|Irene (Kayli Smith, left), Kathryn (Sydney Harmon) and Grace (Caitlyn Kyong) paint watch dials with radium in "Radium Girls." (Foothill College Theatre Arts)|
Covering up. Making shady deals. Caring more about the corporate bottom line than employees’ well- being or the environment.
Sound familiar? Of course it does, but the events in D.W. Gregory’s “Radium Girls” happened about a century ago.
Presented by Foothill College Theatre Arts and based on actual events, the story begins during World War I. Employees painting watch dials with radium to make them glow in the dark for easy reading by U.S. soldiers begin falling ill with a mysterious, fatal disease.
These employees, including Grace Fryer (Caitlyn Kyong), Kathryn Schaub (Sydney Harmon) and Irene Rudolph (Kayli Smith) experience problems that begin with bloody mouths and tooth pain leading to their jaws rotting away.
At the time, radium was believed to be a miracle cure touted by Dr. Marie Curie (Day Armstrong). However, studies determined radium had caused the employees’ illness, but their employer, U.S. Radium Corp., didn’t release those studies.
Because they were so ill, several employees died and the others lost their jobs. Grace, believing radium was the issue, filed a complaint and eventually sued with the help of Kathryn Wiley (Jackie Roach).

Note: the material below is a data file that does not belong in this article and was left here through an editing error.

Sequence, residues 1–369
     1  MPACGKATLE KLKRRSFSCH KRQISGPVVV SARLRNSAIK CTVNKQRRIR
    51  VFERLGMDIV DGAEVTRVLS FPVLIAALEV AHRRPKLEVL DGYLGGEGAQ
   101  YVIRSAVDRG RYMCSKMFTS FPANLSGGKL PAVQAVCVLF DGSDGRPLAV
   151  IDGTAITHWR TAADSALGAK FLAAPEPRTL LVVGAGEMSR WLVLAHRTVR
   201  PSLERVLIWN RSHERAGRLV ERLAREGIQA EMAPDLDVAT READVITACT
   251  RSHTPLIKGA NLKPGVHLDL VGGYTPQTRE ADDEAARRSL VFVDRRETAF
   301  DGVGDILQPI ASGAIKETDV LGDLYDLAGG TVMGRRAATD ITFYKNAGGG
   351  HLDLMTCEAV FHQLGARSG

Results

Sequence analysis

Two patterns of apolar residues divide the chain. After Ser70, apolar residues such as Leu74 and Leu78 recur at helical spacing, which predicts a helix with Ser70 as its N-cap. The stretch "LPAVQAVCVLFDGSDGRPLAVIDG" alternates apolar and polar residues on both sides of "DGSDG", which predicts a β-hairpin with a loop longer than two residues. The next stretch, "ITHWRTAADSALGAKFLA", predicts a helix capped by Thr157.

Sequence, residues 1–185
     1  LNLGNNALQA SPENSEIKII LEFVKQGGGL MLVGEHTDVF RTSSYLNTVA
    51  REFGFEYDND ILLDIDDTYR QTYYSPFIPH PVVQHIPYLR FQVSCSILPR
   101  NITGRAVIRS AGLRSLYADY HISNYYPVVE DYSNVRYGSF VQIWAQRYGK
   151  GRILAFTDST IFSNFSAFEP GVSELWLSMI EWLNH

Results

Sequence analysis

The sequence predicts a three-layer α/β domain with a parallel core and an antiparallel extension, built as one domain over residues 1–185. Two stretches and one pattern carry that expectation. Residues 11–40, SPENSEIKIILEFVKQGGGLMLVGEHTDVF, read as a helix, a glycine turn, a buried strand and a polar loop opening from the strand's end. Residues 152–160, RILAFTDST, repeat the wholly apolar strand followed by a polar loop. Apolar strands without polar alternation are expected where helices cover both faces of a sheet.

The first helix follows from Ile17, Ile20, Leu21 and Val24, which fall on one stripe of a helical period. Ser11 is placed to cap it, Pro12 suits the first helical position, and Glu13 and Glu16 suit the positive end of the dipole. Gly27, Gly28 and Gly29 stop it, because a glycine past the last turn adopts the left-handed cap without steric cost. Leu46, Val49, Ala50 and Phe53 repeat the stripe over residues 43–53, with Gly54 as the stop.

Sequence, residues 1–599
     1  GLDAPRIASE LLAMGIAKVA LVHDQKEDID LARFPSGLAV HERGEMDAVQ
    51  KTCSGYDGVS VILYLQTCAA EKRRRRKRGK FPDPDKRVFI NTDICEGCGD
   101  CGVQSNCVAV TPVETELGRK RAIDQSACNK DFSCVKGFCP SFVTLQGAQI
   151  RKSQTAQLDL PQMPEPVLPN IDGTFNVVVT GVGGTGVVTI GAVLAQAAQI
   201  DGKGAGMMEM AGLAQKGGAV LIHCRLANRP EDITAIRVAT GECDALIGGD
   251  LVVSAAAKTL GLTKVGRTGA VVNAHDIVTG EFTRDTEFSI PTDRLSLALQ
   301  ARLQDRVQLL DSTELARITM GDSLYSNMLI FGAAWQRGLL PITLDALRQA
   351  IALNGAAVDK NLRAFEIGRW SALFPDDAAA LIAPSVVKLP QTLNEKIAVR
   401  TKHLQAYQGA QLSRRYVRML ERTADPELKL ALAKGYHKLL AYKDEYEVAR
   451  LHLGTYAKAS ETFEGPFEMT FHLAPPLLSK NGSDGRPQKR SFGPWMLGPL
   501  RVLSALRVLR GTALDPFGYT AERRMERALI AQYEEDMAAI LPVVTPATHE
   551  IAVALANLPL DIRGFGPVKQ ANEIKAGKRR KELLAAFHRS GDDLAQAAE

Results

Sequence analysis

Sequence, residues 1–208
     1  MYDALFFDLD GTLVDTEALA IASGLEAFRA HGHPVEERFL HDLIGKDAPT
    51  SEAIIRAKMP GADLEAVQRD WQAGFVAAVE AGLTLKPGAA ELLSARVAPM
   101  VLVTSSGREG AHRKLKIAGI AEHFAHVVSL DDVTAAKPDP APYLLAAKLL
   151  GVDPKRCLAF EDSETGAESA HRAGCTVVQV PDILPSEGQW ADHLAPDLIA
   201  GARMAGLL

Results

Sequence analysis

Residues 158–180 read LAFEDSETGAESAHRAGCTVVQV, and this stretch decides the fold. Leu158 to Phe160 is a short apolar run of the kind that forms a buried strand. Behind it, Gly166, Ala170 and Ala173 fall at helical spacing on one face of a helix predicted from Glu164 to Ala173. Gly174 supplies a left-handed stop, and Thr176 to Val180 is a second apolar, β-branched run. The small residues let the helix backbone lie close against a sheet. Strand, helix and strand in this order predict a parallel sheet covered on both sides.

Lawyers for U.S. Radium kept stalling in the hopes that the employees would die before their case was tried.
They also offered a paltry cash settlement, while a tabloid newspaper offered $250,000 for the exclusive rights to their story. Though conflicted, Grace refused both despite urging by her mother (Valerie Allen) and her fiancé, Tom (Osmanthus Lynch), to accept them.
Along with Grace, the other central character is Arthur Roeder (Matt Brown). At first he believed wholeheartedly in radium, but as he became aware of its terrible effects, he was torn between protecting his company’s bottom line and his own moral principles.
Well directed by Tom Gough, many in Foothill’s cast of more than 20 students and community members portray several characters.
With such a mix of experience, the acting is uneven at times, though earnest.
The simple set by Yusuke Soi, costumes by R. Dutch Fritz and lighting by Bruce McLeod complement the production. However, the sound design by Max Stanylov doesn’t overcome the need for better projection by some actors.
Thus some dialogue is hard to discern, especially given the play’s episodic structure. On the other hand, a large clock with projections of the time and place is helpful.
Overall, though, the play is absorbing as it tells a little known but true chapter in American history. It’s worth seeing.
Running about two hours and 40 minutes with one intermission, “Radium Girls” will continue through June 12 in Foothill College’s Lohman Theatre, 12345 El Monte Road, Los Altos Hills.
For tickets and information, call (650) 949-7360 or visit https://foothill.edu/theatre/productions/radium-girls.html.